Quit Your Hurrying
God is never in a hurry. He’s never late. His timing is always perfect. Yet so many of us spend so much of our lives hurrying from place to place, anxious to make things happen when we think they should happen.
Consider Esther 6 as an example. There’s a lot of hurry-up in this one chapter. It’s not the hurry-up of God, though, but the hurry-up of humanity.
Haman woke up and hurried off to see the king about hanging Mordecai (Esther 6:4). When King Ahasuerus requested that he hurry with the king’s robes to exalt the person the king delighted to honor (v 10), it was no problem for Haman to do so, assuming that the honor was intended for himself. Later we see Haman hurrying once more—but this time it is to his house in shame (v 12), embarrassed at being ordered to honor his most hated enemy, Mordecai. He didn’t want anyone to see him. He covered his head, like an arrested criminal trying to shield himself from the gaze of the TV cameras. He was a picture of disappointment and pain.
Mordecai, however, was not in a hurry. He had been overlooked. His warning of an assassination plot had been significant, yet apparently nobody cared about it, not least the very king who was the beneficiary of what he had done. Four or five years had passed without any honor or recognition (Esther 6:3), and still Mordecai patiently and faithfully continued to do what was right. He trusted in God and His timing. He knew that “this God—his way is perfect.”
Derek Kidner writes that “‘all God’s delays are maturings, either of the time … or of the man.” The psalmist says, “Before I was afflicted I went astray, but now I keep your word” (Psalm 119:67). Like the psalmist, our default is to just do our own thing and wander any way we want. But when God in His providence makes us wait longer than we might like or even brings disappointment, pain, and heartache into our lives, we are given the opportunity to pay attention to His words and to trust that His plan is unfolding perfectly.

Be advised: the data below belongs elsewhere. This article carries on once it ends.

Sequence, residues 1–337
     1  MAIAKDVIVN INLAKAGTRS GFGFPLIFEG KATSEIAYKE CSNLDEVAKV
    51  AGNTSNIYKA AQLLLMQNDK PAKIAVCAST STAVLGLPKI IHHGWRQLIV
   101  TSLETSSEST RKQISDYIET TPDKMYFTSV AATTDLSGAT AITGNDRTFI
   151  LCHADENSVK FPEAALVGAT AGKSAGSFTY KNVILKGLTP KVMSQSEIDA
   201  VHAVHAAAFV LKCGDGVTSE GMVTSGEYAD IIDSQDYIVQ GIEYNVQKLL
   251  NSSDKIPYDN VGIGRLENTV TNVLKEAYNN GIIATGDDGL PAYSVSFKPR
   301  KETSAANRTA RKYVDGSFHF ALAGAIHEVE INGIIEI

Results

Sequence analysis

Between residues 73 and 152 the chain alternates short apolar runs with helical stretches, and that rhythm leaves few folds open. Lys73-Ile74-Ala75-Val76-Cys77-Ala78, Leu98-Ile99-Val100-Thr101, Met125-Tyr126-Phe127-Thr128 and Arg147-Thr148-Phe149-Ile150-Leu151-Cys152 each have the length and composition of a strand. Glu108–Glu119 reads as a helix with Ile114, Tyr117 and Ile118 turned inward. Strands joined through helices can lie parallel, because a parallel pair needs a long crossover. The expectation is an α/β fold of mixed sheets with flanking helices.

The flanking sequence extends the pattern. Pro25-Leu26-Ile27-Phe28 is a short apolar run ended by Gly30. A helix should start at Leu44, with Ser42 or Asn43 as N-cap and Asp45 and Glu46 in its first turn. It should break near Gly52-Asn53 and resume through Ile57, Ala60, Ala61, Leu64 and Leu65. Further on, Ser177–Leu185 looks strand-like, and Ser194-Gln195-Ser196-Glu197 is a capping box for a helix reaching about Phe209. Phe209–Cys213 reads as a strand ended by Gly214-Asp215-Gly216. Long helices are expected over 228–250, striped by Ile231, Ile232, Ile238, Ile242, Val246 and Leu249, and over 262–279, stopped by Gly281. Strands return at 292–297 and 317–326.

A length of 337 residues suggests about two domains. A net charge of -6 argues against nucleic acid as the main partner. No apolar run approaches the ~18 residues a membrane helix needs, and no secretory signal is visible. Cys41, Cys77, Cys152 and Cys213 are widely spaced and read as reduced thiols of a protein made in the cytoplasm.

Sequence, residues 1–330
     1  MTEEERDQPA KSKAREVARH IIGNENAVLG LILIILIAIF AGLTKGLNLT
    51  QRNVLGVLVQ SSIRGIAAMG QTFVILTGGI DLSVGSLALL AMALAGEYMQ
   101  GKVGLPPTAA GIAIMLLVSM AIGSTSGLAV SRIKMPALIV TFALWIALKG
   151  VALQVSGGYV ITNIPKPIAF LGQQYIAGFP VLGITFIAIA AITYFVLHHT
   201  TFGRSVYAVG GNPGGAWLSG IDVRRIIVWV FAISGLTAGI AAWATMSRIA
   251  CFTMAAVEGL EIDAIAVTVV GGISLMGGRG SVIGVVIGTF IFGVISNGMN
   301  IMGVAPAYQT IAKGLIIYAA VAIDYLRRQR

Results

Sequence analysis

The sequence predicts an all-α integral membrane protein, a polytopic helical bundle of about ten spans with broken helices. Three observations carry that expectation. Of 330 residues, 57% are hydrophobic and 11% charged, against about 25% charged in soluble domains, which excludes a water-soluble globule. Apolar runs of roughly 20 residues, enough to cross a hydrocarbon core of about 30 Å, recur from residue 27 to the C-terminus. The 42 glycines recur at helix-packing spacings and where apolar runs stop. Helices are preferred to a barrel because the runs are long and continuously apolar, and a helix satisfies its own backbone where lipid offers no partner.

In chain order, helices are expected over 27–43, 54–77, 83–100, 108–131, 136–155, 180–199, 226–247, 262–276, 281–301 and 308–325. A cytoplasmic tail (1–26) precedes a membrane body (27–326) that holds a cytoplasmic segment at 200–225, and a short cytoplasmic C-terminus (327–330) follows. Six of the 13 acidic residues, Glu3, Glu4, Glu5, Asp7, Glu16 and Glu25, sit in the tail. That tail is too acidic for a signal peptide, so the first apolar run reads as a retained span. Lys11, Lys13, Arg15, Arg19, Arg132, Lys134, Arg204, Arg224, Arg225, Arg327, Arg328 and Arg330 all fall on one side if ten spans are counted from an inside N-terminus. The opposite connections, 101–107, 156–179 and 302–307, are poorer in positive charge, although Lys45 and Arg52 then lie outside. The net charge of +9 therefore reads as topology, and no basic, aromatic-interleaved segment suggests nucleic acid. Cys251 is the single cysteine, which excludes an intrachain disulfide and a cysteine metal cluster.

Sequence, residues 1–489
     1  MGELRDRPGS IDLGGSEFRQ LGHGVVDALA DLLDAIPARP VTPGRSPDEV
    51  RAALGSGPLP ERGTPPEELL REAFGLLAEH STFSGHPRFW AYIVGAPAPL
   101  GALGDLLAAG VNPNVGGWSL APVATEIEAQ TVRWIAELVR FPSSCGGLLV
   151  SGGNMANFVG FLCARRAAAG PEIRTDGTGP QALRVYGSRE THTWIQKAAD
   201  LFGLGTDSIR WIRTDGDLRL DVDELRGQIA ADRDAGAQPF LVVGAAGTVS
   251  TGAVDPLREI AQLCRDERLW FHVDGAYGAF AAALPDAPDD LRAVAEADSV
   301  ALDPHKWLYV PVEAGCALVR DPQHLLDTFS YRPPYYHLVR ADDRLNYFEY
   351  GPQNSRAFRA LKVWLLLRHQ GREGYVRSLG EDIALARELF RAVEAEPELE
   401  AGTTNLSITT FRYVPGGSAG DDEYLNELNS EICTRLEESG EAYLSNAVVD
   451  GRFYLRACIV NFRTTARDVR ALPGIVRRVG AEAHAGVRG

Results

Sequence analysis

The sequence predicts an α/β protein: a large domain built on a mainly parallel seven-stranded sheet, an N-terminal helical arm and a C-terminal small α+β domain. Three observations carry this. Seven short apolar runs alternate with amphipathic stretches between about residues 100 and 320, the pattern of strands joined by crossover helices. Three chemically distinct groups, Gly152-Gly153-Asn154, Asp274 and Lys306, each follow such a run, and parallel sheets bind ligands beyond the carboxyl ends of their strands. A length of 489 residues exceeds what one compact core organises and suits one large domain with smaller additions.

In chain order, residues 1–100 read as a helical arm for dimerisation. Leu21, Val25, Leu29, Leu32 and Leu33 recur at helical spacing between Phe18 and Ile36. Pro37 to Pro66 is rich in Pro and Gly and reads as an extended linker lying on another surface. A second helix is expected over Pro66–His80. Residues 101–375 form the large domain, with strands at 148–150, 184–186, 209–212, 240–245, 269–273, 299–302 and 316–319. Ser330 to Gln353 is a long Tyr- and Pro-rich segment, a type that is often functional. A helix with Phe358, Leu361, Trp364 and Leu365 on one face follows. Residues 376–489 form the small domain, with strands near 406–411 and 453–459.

We are called to believe that God’s way is perfect and His word is true—not just when His favor is evident but when the wheels are falling off and the good that we’ve done, which is deserving of honor and acclaim, is largely ignored. Do you believe that? Remember that even God’s ultimate plan of salvation did not require hurry: “For while we were still weak, at the right time Christ died for the ungodly” (Romans 5:6, emphasis added). God’s ways are perfect and His timing impeccable. Set aside your hurry, then, and give up your anxiety, learning instead to trust God to do His work at the right time.
How is God calling me to think differently?
How is God reordering my heart’s affections — what I love?
What is God calling me to do as I go about my day today?
5Trust in the Lord with all your heart,
and do not lean on your own understanding.
6In all your ways acknowledge him,
and he will make straight your paths.
7Be not wise in your own eyes;
fear the Lord, and turn away from evil.
8It will be healing to your flesh2
and refreshment3 to your bones.
9Honor the Lord with your wealth
and with the firstfruits of all your produce;
10then your barns will be filled with plenty,
and your vats will be bursting with wine.
11My son, do not despise the Lord's discipline
or be weary of his reproof,
12for the Lord reproves him whom he loves,
as a father the son in whom he delights.
Devotional material is taken from the Truth For Life daily devotionals by Alistair Begg, published by The Good Book Company, thegoodbook.com. Used by Truth For Life with permission. Copyright © 2021, 2022, The Good Book Company.
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